ESA Science & Technology11-Jul-2005 14:23:58

Background Science

Last Update:  24 Feb 2005

The regions of near-Earth space

The largely empty space between the planets is dominated by the solar wind - a stream of electrically charged particles (mainly electrons and protons) which are ejected at supersonic speeds by the Sun. Fortunately, the Earth's magnetic field is strong enough to protect our planet from this solar gale, usually preventing it from hitting the atmosphere or surface. However, a number of recognisable layers and boundaries can be observed in near-Earth space where the solar wind and Earth's magnetic field meet. These regions will be explored in great detail by Cluster.

The first sign of any interaction between the solar wind and Earth's magnetic field is a shock wave in space on the Sun-facing side of the Earth. This bow shock is rather like the sonic boom caused when a supersonic aircraft slows down and passes through the sound barrier. The Earth's bow shock is created when the supersonic solar wind is suddenly slowed as it approaches the planet's magnetic shield.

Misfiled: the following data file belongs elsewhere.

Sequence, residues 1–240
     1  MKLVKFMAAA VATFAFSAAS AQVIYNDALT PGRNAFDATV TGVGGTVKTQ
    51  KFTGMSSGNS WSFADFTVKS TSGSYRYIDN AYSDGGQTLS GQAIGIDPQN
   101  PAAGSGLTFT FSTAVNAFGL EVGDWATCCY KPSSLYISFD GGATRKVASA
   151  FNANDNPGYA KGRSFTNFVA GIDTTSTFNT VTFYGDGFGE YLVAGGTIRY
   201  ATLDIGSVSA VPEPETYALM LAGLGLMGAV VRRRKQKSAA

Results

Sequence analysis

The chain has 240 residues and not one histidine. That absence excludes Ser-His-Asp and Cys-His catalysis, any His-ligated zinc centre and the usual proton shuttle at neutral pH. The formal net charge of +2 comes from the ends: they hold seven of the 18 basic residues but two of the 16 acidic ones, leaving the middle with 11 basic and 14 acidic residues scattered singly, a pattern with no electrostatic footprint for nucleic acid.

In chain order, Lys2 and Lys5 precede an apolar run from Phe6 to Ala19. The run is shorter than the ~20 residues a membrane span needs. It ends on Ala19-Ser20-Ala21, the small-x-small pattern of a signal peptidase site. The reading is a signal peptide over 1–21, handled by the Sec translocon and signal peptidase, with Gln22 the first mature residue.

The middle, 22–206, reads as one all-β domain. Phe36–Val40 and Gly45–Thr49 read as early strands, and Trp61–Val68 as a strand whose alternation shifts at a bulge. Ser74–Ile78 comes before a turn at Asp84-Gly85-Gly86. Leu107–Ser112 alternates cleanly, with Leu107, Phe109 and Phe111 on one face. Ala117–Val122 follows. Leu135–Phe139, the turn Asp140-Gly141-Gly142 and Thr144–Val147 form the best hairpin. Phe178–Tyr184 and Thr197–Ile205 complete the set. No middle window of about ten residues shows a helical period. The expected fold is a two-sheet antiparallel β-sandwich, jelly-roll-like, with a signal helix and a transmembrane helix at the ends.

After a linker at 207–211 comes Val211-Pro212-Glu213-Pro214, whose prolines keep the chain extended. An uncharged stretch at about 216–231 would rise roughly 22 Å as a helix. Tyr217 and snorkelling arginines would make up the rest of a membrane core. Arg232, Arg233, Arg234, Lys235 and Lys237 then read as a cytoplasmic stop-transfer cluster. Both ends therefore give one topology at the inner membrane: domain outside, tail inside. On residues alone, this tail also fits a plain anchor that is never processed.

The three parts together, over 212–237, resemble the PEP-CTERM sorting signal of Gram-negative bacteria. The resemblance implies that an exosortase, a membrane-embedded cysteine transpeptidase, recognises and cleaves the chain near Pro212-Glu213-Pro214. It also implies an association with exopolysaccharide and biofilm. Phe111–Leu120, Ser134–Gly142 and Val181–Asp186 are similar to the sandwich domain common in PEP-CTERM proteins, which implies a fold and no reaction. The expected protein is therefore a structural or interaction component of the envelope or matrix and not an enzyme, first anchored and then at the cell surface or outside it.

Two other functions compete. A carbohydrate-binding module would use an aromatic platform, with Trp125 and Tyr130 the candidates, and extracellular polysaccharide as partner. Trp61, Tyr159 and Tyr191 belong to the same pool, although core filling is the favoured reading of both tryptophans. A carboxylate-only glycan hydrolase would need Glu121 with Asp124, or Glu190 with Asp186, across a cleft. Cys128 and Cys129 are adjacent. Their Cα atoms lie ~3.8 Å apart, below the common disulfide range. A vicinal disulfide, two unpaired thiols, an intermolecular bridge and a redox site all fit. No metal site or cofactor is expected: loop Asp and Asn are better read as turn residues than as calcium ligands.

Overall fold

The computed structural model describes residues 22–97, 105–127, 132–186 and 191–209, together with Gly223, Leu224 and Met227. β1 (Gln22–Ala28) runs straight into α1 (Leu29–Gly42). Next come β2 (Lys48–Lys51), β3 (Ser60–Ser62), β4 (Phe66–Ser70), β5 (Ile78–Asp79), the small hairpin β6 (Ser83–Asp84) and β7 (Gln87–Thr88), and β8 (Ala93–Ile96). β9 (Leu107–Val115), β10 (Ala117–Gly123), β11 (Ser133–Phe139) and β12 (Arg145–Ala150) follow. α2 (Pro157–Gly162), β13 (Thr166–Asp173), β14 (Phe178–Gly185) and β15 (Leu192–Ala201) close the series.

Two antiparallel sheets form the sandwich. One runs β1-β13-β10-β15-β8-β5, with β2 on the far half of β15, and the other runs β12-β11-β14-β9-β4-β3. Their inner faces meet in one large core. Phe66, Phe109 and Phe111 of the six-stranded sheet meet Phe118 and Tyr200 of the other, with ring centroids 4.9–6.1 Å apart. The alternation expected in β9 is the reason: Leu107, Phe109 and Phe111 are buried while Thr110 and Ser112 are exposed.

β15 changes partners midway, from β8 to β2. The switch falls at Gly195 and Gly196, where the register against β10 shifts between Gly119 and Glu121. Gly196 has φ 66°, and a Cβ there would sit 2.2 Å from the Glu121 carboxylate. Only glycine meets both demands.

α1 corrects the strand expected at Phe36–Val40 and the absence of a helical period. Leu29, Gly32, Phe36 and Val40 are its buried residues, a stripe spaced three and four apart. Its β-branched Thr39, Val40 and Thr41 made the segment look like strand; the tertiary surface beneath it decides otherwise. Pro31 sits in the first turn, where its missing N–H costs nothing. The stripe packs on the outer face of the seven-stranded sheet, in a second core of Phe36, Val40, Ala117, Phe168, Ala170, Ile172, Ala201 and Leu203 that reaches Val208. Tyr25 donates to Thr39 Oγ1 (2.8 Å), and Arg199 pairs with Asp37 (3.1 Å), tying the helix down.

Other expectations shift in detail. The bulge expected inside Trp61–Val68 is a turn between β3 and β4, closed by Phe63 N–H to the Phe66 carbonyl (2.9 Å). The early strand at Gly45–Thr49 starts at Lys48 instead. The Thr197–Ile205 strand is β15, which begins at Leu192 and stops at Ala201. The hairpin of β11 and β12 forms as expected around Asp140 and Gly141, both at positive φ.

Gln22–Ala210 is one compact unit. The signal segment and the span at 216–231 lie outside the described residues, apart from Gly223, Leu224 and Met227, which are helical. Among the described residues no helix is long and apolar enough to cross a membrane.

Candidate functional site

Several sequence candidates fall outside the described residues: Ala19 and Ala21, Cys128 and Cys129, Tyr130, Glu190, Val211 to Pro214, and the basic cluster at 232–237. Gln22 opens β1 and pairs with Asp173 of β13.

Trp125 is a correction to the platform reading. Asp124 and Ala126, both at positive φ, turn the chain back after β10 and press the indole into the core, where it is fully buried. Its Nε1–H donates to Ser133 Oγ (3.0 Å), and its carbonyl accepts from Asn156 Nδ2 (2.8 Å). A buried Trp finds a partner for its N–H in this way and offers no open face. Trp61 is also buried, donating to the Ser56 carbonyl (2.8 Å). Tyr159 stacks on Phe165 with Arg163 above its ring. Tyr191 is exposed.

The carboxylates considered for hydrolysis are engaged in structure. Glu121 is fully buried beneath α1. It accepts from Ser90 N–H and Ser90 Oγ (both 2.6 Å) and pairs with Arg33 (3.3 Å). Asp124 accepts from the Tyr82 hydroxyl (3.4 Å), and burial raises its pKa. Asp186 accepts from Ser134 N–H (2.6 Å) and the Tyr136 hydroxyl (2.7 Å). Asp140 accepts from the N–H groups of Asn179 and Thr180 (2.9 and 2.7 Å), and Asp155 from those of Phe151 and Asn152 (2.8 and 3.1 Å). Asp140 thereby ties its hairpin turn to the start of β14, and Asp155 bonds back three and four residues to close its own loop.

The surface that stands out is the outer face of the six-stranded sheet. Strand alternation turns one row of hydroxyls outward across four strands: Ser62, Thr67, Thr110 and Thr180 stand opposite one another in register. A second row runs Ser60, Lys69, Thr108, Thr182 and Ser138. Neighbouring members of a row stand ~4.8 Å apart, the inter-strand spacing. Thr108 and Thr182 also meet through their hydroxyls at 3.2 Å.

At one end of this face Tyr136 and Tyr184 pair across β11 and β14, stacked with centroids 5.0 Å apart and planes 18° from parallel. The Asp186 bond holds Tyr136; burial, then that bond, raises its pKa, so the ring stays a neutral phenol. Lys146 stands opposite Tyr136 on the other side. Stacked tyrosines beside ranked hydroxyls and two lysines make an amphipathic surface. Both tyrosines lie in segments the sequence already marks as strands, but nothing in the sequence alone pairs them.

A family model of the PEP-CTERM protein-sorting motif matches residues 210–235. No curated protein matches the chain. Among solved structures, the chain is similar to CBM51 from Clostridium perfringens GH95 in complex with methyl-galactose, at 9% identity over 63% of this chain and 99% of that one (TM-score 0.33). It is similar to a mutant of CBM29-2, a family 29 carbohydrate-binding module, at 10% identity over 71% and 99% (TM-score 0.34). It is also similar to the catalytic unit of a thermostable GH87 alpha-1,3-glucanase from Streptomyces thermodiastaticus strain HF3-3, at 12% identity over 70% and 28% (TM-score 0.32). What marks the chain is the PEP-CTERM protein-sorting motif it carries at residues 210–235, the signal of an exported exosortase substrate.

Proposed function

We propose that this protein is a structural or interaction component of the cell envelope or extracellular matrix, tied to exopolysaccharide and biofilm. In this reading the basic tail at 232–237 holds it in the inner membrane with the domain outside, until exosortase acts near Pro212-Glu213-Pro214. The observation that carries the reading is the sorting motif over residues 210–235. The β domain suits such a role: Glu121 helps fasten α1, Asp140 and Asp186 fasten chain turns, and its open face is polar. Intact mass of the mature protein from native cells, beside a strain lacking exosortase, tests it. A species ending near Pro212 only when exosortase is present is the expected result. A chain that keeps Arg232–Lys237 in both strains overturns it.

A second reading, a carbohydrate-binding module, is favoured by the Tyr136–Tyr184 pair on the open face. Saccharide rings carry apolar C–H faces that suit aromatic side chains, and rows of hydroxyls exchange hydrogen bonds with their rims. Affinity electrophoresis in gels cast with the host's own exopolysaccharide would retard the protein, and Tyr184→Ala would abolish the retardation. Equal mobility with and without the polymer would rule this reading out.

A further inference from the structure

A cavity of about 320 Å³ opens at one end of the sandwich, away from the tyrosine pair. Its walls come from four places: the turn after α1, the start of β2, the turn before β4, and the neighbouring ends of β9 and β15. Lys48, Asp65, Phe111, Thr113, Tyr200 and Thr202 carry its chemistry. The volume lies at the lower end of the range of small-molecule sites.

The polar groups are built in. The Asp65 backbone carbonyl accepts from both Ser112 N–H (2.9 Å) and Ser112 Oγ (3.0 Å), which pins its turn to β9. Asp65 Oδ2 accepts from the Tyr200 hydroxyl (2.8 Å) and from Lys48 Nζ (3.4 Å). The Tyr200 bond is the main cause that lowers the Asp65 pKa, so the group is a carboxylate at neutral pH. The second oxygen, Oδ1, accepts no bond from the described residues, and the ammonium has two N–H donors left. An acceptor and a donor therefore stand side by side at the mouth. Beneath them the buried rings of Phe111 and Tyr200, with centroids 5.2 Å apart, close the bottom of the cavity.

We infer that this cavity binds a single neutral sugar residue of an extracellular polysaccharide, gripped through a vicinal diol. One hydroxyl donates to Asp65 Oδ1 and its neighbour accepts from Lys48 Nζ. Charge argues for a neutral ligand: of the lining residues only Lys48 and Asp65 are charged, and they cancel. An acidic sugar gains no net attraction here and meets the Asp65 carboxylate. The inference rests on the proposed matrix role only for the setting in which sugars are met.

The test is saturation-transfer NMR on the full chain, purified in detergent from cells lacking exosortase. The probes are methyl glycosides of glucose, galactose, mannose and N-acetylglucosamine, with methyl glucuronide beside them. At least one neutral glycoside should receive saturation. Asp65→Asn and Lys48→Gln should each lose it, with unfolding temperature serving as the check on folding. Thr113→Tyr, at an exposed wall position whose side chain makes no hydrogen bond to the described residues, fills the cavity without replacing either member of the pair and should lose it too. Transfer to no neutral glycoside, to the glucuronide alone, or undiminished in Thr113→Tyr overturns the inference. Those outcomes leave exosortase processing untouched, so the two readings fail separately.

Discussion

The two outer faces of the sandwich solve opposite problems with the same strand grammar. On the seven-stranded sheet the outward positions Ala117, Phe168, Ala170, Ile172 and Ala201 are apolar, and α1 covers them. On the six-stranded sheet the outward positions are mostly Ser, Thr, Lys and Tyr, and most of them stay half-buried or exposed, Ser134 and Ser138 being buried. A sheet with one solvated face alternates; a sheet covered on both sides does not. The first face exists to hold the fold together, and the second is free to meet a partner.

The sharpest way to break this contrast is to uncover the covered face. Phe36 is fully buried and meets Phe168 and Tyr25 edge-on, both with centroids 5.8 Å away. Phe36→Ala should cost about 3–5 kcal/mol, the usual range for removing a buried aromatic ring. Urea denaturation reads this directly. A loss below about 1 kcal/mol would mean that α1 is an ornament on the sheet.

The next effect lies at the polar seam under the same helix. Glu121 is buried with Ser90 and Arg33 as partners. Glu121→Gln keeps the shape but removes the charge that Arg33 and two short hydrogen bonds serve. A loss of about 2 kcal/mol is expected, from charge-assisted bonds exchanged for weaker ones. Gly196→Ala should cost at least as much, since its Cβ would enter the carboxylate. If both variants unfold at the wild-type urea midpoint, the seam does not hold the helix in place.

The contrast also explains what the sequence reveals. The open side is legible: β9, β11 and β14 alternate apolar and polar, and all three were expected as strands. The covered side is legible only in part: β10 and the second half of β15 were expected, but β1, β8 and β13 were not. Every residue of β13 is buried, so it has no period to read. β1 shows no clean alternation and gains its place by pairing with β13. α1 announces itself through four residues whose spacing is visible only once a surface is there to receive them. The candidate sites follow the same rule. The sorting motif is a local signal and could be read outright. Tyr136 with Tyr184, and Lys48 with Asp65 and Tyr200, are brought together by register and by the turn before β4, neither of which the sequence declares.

Artist's impression showing the
main regions/boundaries of the
Earth's magnetosphere that will be
studied by Cluster

The area of space under the protection of Earth's magnetic field is known as the magnetosphere. Like an island in a stream, Earth is able to divert the flow of particles around it. As they sweep around the planet, the magnetosphere is moulded into a tadpole shape, with a blunt head on the sunward side of the Earth, and a long tail (the magnetotail) which stretches millions of kilometres downwind, that is away from the Sun.

The edge of the magnetosphere is known as the magnetopause. When the Sun is more active, the increased pressure from the solar wind squashes the magnetosphere. At such times, the magnetopause is forced much closer to the Earth until it is only 35  000 kilometres above the planet.

However, there are two weak points in Earth's defences. These cusps occur above the planet's north and south magnetic poles. Particles from the solar wind which leak into the magnetosphere spiral down towards the Earth along magnetic field lines. When they strike atoms in the upper atmosphere, they cause the shimmering sheets of colour known as the auroras (northern and southern lights).

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